Recent flood events call us all into action

The flooding may be subsiding, but we can’t afford to let the memories of its impact do the same.

There is no denying that in recent times the world has experienced some pretty extreme weather events. Last year was Australia’s hottest in living memory, in the Philippines Typhoon Haiyan became the strongest typhoon ever recorded, there were record high temperatures in Scandinavia, heatwaves and intense rainstorms across Europe and South America, and much of the US came under the grip of a polar vortex with a big freeze bringing many regions to a halt.

Here in Britain we saw the stormiest December in 44 years. The hostile winter continued into January and February 2014 with high winds and storm surges causing widespread coastal, river and surface water flooding, substantially impacting on individuals, businesses and infrastructure. The Met Office confirmed at the end of February it was the wettest winter in England and Wales since records began 250 years ago.

Although severe storms in the UK are not unknown, the relentlessness of recent events is certainly unusual with the full catalogue of flooding – tidal, fluvial, pluvial and groundwater flooding – all being experienced over a period of seven or eight weeks. Around 6,000 properties were flooded and politicians raised concerns about future flood strategy with the Prime Minister, David Cameron, calling the floods “a tragedy for all those affected” while urging the insurance industry to process claims as quickly as possible.

We are all acutely aware from the extensive media coverage of the floods that the impact on residents and their property can be hugely detrimental, not to mention the potential blight on a home’s value, but as awareness grows around the potential for flooding do homebuyers know who is responsible for advising them on flood risk?

A survey commissioned by Landmark Information Group revealed that only 42% of people investigated their flood risk before buying their home, while 55% of property owners in the UK expected solicitors to automatically investigate a property’s flood risk as part of the conveyancing process. Clearly there is an expectation from homebuyers to be assisted in discovering the level of risk, not least so they can look to mitigate this if required.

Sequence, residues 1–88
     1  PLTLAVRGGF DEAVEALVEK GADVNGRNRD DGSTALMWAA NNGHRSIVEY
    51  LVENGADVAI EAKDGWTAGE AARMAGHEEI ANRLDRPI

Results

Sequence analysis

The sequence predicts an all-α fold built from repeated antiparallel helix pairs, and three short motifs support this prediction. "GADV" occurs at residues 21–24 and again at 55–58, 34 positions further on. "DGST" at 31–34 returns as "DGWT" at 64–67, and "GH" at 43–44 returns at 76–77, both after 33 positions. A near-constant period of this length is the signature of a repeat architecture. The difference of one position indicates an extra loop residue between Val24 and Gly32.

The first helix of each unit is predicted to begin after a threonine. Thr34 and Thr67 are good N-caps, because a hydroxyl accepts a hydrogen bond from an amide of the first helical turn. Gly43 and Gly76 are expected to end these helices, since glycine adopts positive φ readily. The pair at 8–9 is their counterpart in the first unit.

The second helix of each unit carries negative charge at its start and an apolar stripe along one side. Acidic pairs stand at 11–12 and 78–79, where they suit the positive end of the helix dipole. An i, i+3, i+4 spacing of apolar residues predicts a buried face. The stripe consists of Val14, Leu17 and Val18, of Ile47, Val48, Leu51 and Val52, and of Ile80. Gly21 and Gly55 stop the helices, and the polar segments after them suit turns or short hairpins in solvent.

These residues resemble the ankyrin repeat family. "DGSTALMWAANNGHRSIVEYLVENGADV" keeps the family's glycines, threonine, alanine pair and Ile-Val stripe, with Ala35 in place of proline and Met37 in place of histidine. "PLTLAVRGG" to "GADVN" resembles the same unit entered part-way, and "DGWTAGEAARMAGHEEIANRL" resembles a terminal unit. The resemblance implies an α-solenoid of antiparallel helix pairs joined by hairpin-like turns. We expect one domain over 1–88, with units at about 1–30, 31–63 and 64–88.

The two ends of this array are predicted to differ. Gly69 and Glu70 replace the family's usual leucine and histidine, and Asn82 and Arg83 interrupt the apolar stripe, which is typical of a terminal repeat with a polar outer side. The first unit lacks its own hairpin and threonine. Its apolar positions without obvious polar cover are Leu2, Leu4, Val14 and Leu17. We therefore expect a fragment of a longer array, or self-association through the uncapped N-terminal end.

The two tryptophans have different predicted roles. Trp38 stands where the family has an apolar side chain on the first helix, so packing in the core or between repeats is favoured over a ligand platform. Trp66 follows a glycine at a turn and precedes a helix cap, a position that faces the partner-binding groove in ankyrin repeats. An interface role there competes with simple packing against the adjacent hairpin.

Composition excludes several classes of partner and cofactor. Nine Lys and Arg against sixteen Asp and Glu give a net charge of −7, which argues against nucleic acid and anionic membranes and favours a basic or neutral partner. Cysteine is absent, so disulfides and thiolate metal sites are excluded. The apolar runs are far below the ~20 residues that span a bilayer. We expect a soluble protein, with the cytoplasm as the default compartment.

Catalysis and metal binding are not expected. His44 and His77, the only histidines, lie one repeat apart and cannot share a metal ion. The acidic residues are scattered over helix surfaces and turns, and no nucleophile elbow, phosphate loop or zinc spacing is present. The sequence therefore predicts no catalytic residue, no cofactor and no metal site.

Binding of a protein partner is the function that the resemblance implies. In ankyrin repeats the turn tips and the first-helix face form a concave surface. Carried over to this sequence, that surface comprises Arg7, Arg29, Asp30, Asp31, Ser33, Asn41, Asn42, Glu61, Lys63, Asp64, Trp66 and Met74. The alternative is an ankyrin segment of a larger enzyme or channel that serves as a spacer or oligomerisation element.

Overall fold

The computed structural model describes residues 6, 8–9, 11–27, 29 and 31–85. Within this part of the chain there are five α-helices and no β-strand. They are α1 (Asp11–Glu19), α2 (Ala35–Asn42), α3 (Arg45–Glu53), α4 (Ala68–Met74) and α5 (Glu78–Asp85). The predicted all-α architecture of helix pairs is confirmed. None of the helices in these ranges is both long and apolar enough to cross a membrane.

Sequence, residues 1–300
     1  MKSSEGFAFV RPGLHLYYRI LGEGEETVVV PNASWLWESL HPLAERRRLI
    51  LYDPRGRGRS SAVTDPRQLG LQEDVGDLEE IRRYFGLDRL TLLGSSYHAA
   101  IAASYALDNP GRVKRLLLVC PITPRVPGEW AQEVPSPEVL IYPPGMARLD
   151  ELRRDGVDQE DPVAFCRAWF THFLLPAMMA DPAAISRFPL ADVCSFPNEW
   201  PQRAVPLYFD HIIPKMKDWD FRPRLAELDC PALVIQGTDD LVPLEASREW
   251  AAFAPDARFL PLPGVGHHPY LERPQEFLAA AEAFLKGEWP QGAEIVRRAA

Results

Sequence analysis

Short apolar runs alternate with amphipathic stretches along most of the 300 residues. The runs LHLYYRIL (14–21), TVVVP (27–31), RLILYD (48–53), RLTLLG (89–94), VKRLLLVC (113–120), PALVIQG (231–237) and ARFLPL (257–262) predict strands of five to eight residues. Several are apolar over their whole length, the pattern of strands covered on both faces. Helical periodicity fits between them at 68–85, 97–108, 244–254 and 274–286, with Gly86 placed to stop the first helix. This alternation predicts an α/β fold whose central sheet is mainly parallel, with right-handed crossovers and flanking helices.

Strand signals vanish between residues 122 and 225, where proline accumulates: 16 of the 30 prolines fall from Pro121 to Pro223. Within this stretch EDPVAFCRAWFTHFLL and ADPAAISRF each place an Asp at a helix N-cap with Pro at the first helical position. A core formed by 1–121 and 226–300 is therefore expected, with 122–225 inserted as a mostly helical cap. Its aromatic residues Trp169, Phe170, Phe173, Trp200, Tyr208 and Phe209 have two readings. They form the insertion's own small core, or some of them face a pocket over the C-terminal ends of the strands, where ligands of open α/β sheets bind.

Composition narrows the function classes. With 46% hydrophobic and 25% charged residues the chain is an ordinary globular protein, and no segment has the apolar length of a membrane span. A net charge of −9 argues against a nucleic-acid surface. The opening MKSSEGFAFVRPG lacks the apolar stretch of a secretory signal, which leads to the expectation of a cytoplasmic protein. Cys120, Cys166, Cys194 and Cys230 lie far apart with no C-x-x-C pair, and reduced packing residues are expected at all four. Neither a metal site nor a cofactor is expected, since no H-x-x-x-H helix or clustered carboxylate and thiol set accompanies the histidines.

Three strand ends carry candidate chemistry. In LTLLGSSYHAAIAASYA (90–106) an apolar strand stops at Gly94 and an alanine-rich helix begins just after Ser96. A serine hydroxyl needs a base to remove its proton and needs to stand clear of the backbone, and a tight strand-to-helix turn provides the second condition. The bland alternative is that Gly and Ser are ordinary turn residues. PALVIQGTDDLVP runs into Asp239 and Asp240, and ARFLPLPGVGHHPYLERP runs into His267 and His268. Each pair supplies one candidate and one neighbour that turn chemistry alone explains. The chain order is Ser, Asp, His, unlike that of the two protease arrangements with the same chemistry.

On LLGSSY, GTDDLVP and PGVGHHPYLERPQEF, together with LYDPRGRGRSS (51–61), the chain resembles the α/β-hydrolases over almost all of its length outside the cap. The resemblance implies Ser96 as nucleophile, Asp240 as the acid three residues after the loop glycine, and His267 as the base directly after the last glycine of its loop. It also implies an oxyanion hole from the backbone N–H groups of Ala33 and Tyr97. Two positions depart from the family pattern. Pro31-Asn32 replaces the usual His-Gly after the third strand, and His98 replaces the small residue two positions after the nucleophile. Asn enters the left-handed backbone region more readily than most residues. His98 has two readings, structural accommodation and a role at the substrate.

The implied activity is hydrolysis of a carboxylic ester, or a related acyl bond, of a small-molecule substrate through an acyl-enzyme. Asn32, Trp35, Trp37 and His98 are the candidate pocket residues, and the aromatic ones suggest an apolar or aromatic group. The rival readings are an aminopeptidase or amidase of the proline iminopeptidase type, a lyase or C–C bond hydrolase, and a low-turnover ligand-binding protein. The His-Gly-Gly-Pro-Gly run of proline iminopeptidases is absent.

It is imperative that buyers know about any potential flood risk as early as possible and have appropriate insurance in place before contracts are exchanged and they become fully responsible for the property. Until Flood Re comes into force in 2015, properties found to be ‘at significant risk’ of flooding may prove extremely expensive, if not impossible, to insure. If a property cannot be insured, the solicitor will be unable to provide the necessary Certificate of Completion to the Lender to release the mortgage funds and therefore the buyer will be unable to complete the purchase.

Where does this leave the legal property professional in terms of required due diligence and compliance? 

According to the Law Society Practice Note launched last May, conveyancers have a key role to play. The Practice Note states that ‘In all conveyancing transactions, when acting for a prospective buyer, tenant or lender, you should mention the issue of flood risk to your client and, if appropriate, make further investigations’. There have been some concerns over what ‘appropriate’ means, but with 200,000 homes built on flood plains between 2001 and 2011 and surface water flooding meaning risk is not exclusive to properties near the river or sea, it seems that ‘appropriate’ is becoming an increasingly inclusive term. As the practice note concludes ‘it may not always be obvious that a property is at risk of flooding’.

The cost of a desktop flood report (around £20), with a risk assessment by accredited consultants, is inexpensive and could save thousands, if not tens of thousands, of pounds in the long term. It will clarify your client’s level of risk and help them identify the measures they could take to protect their future exposure to flood, while at the same time satisfying the Law Society Practice Note.

Let’s all hope that we have seen the back of the floods this year, in the meantime we can be working together to ensure we are playing our part in mitigating the risks for all stakeholders, especially the homebuyer.

John Pickford, Searches Manager, Thames Water Property Searches


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